At the Vanity Fair Oscar Party in 2016, Michael B. Jordan and Ryan Coogler, frequent film collaborators, were in a photo together. Jordan rests his hand on Coogler’s head. They look directly into the camera.
The reaction to the photo boasted immature and hateful comments about what commenters thought the photo implied. There were blatant remarks of homophobia. Ultimately, the photo showed Black men showing each other love, which was also recognized by admirers. Jordan and Coogler were showing brotherly love.
#BlackBoysEmbrace was a hashtag started on Twitter in 2017 by Jermaine Dickerson. Photos poured in with generations of Black men embracing. Black boys were also centered in the photos as they embraced love. Friends on the basketball court, a child and his father in their living room, and more spaces were the centerpiece of the photos. No matter where Black men and boys loved. Black men kissed each other on the cheek. Photos showed Black men hugging each other. They stood in formation like dominoes. It was a beautiful dismantling of Black male stereotypes consistently projected in the media of fatherless Black men and boys and the idea that Black men do not love and embrace joy.
I recently watched the complete series of The Wayans Bros., starring Shawn and Marlon Wayans as brothers who hustle for success and are total opposites. After the solution of the episode’s shenanigans, Shawn and Marlon would hug and kiss. When I watched this show as a kid, it was the most surprising image. Brothers who showed each other affection, especially with a kiss. It was a beautiful marking of understanding, love, and the ole “I always got your back.” Shawn *in his voice* calling Marlon stupid was affection, even in a cruel form. It was personal.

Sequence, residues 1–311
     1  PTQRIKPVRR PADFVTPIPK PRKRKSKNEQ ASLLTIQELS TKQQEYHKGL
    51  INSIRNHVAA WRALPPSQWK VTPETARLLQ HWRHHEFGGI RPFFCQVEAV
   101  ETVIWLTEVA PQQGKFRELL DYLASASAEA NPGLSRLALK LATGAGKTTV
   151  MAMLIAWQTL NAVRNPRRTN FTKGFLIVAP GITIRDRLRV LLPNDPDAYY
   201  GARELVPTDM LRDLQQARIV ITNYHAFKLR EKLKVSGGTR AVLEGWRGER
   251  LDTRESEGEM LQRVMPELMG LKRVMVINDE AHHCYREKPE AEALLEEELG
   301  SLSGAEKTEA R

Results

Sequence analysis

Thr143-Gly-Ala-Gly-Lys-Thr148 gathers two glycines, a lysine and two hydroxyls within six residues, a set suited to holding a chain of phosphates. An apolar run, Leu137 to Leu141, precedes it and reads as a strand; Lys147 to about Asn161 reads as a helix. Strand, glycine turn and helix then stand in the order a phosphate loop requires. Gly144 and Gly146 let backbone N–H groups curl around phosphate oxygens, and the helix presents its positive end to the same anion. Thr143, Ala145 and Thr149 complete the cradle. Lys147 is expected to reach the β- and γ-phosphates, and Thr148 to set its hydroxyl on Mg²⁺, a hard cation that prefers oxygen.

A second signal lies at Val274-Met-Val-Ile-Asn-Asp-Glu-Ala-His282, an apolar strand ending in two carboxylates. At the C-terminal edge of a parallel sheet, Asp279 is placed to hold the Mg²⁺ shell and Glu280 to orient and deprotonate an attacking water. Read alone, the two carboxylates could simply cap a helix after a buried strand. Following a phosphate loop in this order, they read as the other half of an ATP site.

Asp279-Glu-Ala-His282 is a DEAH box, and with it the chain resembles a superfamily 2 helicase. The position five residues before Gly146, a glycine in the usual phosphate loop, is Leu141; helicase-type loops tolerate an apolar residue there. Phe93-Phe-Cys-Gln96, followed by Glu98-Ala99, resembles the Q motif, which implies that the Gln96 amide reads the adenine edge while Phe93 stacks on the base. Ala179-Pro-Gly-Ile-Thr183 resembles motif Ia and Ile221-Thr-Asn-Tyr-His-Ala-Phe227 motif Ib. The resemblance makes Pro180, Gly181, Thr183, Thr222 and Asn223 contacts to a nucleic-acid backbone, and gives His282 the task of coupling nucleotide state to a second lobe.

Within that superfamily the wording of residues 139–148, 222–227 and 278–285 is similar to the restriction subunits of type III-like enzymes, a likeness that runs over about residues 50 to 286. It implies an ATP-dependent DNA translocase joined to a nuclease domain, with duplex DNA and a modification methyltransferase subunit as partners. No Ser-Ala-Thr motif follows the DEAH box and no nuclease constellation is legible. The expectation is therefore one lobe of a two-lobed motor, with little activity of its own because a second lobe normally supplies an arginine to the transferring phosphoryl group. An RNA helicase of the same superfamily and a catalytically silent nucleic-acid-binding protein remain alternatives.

While my examples of male affection are predominantly of Black men, the crux of the conversation is that men need space to express emotions and receive support in their journey to love. Boys who grow up in a world seeing affection and who show love can become empowered men. Frederick Douglass said, “It is easier to build strong children than to repair broken men.”
Affection is genderless. We have a powerful honor to express our emotions. Love is a constant movement. Feminism excels in a society of equality for all sexes. As the movement evolves, an empathetic world depends on how we have the space to receive affection. We need to challenge the idea that the only way to build a world is a world in which affection is reserved solely for romantic relationships. What would the world look like if we allowed all types of affection to grow? Instead of the coldness of hiding feelings, how would we act differently if we were aware of the impacts our actions had on others feelings?
Here are a selection of books that show male friendship and/or brotherly love:
The Kite Runner by Khaled Hosseini is about Amir, a wealthy boy, and Hassan, the son of Amir’s father’s servant. The friendship that grows is the bouquet of this novel’s story.
The Bromance Book Club is the first of the series by Lyssa Kay Adams about Gavin Scott, a second baseman for the fictional Nashville Legends whose marriage is falling apart. He joins a secret romance club composed of “alpha men” who subsequently help Gavin to save his marriage.
The Nickel Boys by Colson Whitehead was all the rage a few years back. The story is about Elwood and Turner, who become friends in the Nickel Academy, a reform school for boys. The story is based on the infamous reform school in Florida, which kept secrets of abuses, injustices, and deaths for decades.
How do you make space for love to be expressed? What book(s) would add to this list?